Søren Hansen and Michael Bienia
mark at ubuntu.com
Mon Nov 2 14:42:18 GMT 2009
Scott Kitterman wrote:
> On Mon, 02 Nov 2009 10:00:57 +0000 Mark Shuttleworth <mark at ubuntu.com>
>> If the CC need to,
>> we can make direct appointments and replacements on any structure in
>> Ubuntu, and will do so.
> Certainly the CC can (and if they can't you, as SABDFL, can). That doesn't
> mean you should.
> While the outcome in this case is clearly reasonable, I think some push
> back about how the decision was taken is also reasonable. As nearly as I
> can determine, the discussion that led to this decision was all, or nearly
> all, non-public. I understand that there was some sense of urgency, but
> I'm not aware of any actual need for privacy.
> Transparency in governance is an essential thing for Ubuntu (IMO).
> Personally, I find the lack of transparency (and the negative reaction to
> calls for transparency) unfortunate at best. Many of the people involved
> in Ubuntu believe that working in an open and collaborative manner to
> produce software (and a Linux dostribution) is the best, most effective way
> to do it. It shouldn't be suprising to find that perspective generalized
> to other aspects of the project.
"Information is a substitute for trust".
In other words, in environments where people don't trust each other,
they tend to demand more and more information. "Who took this decision?
Why did they take this decision? What was considered in taking the
In really sick communities you will observe endless discussions about
how a decision should be taken, followed by demands that the decision be
reconsidered because someone who wasn't paying attention at the time now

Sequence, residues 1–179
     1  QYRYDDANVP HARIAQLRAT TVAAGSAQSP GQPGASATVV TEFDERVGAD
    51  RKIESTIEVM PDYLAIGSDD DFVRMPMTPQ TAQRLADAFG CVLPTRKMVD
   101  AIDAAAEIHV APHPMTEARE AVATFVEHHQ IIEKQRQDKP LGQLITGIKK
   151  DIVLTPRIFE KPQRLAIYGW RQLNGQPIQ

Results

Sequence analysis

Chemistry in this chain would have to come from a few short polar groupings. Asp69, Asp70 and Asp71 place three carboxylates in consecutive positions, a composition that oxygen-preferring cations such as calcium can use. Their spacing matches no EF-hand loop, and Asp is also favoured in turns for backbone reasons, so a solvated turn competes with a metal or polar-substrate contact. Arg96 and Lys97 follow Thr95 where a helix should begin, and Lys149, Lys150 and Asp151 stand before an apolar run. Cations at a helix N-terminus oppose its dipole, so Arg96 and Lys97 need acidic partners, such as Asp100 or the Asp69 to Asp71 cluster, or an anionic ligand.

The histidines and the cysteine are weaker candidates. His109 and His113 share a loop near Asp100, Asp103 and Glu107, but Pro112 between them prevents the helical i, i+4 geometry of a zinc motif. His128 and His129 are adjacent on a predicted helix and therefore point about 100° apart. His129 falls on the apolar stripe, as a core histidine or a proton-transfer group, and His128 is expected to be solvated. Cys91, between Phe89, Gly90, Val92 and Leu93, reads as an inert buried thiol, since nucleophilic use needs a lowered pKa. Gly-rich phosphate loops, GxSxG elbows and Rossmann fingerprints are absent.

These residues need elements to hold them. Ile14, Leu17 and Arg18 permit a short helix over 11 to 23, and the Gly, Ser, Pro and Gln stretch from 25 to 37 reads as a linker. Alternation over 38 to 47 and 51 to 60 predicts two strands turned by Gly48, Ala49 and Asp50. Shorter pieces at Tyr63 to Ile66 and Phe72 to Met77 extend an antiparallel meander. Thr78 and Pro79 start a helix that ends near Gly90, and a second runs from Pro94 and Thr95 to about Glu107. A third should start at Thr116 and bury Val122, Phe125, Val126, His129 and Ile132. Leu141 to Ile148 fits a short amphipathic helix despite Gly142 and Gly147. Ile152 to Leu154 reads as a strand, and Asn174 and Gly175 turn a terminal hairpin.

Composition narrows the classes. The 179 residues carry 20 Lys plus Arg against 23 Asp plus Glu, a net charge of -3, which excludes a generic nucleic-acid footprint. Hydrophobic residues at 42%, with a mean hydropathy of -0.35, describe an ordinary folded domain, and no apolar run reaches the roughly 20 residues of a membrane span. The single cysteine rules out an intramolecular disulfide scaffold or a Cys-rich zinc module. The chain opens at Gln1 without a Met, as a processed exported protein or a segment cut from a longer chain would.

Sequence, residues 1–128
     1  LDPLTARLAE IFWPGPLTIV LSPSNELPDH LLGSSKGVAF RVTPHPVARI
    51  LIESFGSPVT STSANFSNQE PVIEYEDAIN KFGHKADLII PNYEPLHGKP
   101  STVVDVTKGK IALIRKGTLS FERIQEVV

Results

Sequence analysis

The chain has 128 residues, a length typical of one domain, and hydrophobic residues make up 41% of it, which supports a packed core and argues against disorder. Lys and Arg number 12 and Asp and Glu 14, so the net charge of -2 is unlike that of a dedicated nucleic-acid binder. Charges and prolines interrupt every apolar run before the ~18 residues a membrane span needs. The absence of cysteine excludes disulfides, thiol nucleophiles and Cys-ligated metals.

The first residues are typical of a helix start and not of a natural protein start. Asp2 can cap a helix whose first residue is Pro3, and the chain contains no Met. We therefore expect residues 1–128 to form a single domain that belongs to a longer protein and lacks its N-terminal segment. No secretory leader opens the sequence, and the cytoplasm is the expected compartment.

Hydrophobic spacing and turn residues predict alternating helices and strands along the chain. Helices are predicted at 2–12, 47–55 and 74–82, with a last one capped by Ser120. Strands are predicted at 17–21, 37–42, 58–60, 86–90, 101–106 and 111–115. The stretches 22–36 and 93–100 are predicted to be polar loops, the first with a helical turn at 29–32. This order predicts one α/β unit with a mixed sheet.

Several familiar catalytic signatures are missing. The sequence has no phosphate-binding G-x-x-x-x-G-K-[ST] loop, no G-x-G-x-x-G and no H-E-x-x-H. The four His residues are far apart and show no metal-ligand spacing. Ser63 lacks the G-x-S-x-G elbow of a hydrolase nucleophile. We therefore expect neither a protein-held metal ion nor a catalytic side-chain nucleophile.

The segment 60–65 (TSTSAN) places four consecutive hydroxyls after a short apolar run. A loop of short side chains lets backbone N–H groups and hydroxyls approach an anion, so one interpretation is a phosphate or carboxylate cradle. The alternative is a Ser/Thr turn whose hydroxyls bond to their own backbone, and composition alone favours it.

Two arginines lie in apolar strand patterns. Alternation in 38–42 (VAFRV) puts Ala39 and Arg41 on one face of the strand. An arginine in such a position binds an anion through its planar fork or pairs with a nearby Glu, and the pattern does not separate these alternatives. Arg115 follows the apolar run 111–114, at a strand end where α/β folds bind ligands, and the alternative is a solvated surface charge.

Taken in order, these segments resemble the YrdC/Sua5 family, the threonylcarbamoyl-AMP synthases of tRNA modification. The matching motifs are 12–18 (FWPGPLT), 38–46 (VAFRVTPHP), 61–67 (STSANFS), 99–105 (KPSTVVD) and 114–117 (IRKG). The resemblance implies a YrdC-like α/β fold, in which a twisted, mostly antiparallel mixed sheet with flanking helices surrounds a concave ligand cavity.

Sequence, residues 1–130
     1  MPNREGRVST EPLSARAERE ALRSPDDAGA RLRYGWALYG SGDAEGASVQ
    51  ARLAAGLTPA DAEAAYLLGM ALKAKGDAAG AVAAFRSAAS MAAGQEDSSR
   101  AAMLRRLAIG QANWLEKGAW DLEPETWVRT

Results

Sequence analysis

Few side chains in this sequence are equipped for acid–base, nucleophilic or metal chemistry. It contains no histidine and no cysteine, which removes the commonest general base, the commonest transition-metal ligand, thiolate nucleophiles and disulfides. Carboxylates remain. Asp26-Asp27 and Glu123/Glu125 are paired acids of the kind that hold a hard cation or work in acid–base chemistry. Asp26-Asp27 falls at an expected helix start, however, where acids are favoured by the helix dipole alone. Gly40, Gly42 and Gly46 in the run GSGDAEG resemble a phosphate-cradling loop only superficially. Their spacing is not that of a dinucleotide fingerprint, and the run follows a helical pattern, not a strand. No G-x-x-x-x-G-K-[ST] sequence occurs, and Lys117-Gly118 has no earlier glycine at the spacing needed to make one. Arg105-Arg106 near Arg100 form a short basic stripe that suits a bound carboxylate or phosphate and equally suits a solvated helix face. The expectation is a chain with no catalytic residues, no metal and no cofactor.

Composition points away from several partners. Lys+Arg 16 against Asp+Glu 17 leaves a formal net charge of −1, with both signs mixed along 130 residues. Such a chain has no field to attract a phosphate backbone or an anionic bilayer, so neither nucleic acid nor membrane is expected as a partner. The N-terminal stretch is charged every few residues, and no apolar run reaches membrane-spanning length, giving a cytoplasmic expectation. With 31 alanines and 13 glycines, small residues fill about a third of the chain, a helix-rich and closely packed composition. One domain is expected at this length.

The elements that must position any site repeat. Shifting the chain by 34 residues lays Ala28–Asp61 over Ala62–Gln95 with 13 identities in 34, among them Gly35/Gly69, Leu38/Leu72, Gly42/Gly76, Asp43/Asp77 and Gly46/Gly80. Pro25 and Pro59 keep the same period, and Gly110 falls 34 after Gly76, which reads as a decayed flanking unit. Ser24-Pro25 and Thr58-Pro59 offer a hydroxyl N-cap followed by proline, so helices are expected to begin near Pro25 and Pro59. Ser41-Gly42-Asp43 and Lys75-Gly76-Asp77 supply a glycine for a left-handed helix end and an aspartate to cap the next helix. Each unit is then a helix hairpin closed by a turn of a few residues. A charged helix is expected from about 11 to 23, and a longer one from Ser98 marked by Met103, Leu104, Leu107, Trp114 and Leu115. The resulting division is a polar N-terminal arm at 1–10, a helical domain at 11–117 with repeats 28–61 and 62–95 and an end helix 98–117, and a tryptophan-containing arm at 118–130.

feels that they were excluded from a decision. That's a sign of a
community with low trust levels, and poor ability to delegate.
Remember, governance in the Ubuntu community is delegated from the CC
(and ultimately me). We believe in having a broad strong base of talent
to handle the huge scale of Ubuntu, but that's not the same as believing
that every decision should be taken in a completely consultative and
transparent manner. Don't confuse those two! That's as bad as confusing
Ubuntu and democracy - this is an appointed meritocracy.
We try to nominate the most competent people to the right positions and
then trust them to make decisions which bind all of us. We DON'T second
guess those decisions except in extreme cases. The various teams lead
because we trust them to lead.
This thread was a clear example of a lack of trust. My point was that in
your positions you either trust the CC, and work with it, even in cases
where it is moving faster than you, or you step aside. If you don't
trust the CC, you won't get anything done in Ubuntu.
In any event, look at the scale of the decision taken. It was about
extending *delegated authority* to two people for a short period of
time. That does not warrant an extended conversation by all the people
cc'd. Be respectful of people's time. Trust decision makers to take
decisions, and focus on the things you can do in the area of your
responsibility and competence.
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